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Soy milk also contains phytonutrients known as isoflavones, which have been shown to have cancer-fighting properties. It’s not a perfect substitute, though; some people complain about its “beany flavor,” the authors wrote, and some scientists have expressed concerns about “anti-nutrient” substances naturally found in soy, like phytic acid, which can make it harder for the body to absorb and digest important vitamins and minerals.

Almond milk, on the other hand, is low in calories (about 36 per serving) and rich in monounsaturated fatty acids. Getting more of these healthy fats may be beneficial to weight loss and weight management, the authors wrote, and they have also been shown to reduce LDL—or “bad”—cholesterol. But almond milk is also low in protein and carbohydrates, making it less nutritionally balanced than cow or soy milk.

Meanwhile, dairy-free coconut beverages have no protein. And although it’s low in calories (about 45 per serving), most of that energy comes from saturated fat. On the plus side, the report states, drinking this type of beverage has been associated with increases in HDL—or “good”—cholesterol and reductions in LDL cholesterol.

Sweet-tasting rice milk can serve as an alternative for people with allergies to soybeans and almonds, but it’s high in calories (133 per serving) and relatively low in beneficial nutrients. Research suggests that “consumption of rice milk as an alternative to cow’s milk without proper care can result in malnutrition,” the authors wrote, “especially in the case of infants.”

MORE: The Case Against Low-fat Milk Is Stronger Than Ever

Cow’s milk, by comparison to the dairy alternatives, contains about 158 calories per 8-ounce serving, along with 8 grams of protein, 9 grams of fat (5.5 of it saturated fat), and 11.5 grams of carbohydrates. That’s the “perfect composition of nutrients” for baby cows, the authors wrote in their paper, and it’s similar to the composition of human breast milk.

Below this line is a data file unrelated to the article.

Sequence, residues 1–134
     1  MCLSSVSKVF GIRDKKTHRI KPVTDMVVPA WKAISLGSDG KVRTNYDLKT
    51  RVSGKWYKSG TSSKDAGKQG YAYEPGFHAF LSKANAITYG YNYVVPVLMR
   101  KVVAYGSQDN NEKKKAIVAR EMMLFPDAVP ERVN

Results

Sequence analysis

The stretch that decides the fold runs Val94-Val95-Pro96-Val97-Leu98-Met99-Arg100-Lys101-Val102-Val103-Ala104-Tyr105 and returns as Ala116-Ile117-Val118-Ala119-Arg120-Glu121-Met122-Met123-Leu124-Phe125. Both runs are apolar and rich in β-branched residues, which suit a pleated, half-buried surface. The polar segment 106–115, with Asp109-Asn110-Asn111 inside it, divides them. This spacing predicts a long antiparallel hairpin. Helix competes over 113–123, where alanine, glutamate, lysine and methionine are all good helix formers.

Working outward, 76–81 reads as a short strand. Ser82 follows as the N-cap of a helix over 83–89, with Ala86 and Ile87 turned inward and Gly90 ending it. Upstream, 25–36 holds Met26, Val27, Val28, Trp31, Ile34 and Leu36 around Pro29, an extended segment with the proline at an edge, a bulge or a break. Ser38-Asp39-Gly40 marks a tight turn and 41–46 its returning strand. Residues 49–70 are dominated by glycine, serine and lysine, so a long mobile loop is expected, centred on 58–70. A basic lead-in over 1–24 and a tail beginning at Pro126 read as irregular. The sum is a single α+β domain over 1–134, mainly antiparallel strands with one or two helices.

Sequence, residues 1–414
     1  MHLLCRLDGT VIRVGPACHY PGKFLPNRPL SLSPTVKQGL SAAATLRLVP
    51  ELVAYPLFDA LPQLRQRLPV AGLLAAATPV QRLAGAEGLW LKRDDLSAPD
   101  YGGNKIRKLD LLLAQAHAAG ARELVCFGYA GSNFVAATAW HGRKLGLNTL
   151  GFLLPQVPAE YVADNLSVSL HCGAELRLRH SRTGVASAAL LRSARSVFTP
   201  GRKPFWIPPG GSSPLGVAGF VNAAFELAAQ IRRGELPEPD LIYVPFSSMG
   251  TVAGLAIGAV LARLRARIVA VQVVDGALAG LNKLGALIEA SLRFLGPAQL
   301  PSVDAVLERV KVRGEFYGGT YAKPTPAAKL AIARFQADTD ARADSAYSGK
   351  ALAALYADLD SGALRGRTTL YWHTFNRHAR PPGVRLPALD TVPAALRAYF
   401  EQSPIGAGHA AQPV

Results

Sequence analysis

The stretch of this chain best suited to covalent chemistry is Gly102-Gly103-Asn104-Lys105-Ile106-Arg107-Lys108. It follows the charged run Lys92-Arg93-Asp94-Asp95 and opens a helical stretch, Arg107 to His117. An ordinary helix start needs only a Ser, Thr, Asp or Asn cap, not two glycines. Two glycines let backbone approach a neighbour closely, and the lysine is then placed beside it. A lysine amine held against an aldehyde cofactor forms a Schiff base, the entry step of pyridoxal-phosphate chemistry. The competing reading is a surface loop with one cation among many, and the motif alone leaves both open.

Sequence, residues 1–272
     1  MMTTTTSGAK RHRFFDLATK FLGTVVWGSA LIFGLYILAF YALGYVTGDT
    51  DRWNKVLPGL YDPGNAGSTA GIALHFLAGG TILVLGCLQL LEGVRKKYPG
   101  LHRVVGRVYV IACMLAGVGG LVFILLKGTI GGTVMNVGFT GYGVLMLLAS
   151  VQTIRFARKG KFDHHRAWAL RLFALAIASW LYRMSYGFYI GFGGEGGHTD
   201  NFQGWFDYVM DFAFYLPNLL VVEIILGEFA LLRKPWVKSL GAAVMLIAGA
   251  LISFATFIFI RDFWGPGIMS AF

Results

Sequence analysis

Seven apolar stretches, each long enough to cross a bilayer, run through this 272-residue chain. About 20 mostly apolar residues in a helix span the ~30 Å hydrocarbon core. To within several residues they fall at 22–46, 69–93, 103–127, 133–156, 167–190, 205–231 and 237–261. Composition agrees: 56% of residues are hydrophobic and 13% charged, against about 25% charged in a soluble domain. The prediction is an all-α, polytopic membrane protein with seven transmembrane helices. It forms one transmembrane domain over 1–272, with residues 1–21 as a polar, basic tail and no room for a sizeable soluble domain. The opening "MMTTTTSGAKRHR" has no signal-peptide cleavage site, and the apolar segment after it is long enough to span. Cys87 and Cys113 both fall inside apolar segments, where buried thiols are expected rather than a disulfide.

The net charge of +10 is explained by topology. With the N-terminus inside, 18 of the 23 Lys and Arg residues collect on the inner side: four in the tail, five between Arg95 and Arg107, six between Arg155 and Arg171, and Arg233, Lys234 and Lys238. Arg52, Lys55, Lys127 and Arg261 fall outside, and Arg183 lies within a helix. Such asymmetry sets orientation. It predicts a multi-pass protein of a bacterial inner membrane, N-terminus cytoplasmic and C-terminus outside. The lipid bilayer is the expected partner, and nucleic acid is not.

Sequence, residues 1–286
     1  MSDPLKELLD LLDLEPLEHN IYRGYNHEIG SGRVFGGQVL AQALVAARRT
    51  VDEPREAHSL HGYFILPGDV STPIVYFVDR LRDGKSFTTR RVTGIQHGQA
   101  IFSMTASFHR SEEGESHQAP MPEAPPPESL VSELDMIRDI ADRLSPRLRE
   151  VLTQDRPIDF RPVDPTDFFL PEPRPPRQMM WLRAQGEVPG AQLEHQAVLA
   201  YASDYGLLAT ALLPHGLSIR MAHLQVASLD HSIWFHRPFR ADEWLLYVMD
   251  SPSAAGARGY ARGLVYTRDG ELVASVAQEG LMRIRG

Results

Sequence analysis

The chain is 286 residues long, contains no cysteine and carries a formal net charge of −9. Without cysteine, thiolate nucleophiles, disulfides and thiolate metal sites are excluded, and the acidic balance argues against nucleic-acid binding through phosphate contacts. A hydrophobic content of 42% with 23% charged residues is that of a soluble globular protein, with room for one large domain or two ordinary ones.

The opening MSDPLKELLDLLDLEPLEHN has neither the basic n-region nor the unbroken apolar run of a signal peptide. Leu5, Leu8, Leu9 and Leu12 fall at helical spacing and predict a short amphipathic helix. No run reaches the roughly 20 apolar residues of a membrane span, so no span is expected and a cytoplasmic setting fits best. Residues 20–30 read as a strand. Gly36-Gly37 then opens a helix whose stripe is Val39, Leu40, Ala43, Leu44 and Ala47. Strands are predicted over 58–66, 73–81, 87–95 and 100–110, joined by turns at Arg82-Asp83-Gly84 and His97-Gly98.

Milk is also an important source of vitamins and minerals—including calcium, which the body needs for bone health, especially during childhood and adolescence. Most milk substitutes are fortified with calcium to mimic the levels in cow’s milk, although the authors point out that “further research is needed to establish the consequences of added calcium in the human body.”

So why the need for alternatives? For one, dairy is one of the most common allergens among infants and children. Between 2% and 4% of children have a milk allergy (that’s more than peanuts or tree nuts), although as many as 80% may outgrow them by age 16. Plus, milk—especially raw, unpasteurized milk—has been linked to outbreaks of pathogens such as salmonella and E. coli around the world, suggesting that it’s not always the safest beverage for children or for adults.

Then there’s the issue of lactose intolerance. Somewhere between 15% and 75% of adults—depending on race, food habits and gut health—lack sufficient amounts of the enzyme needed to properly digest dairy products, according to the report. It’s even been estimated that up to 80% of people of African origin, and up to 100% of people of Asian and Indigenous American origin, are lactose intolerant.

Finally, while studies suggest that dairy products—even full-fat versions—can be a healthy part of a balanced diet, some people may not want to overdo it on high-calorie, high-fat cow’s milk. For all of these reasons, the authors say, consumers should know how popular milk substitutes compare.

“It is quite clear that nutritionally soy milk is the best alternative for replacing cow’s milk in human diet,” they concluded in their paper. They acknowledge, though, that more people may enjoy the flavor of almond milk. Those who choose the latter should make sure they’re getting enough essential nutrients, like carbs and protein, through other sources in their diet, they write.

That should be easy enough for adults, says lead author Sai Kranthi Kumar Vanga, a PhD candidate in McGill’s department of bioresource engineering, since they can also get protein from meats, nuts and beans, and healthy fats from sources such as olive oil. It can be more difficult, he adds, for babies and young children with dairy allergies. “Parents have to monitor their diet and provide them with appropriate alternatives for the lost nutrients, which is not easy,” he wrote in an email.

And while swapping out a few tablespoons of milk in your coffee every day won’t make a big difference in overall nutrition, Vanga says there could be implications for adults who consume considerably more milk—like every morning with their cereal. “Just replacing your cow’s milk with one of the plant-based milks and assuming it’s fulfilling the nutritional requirement could lead to health complications in the long run,” he says.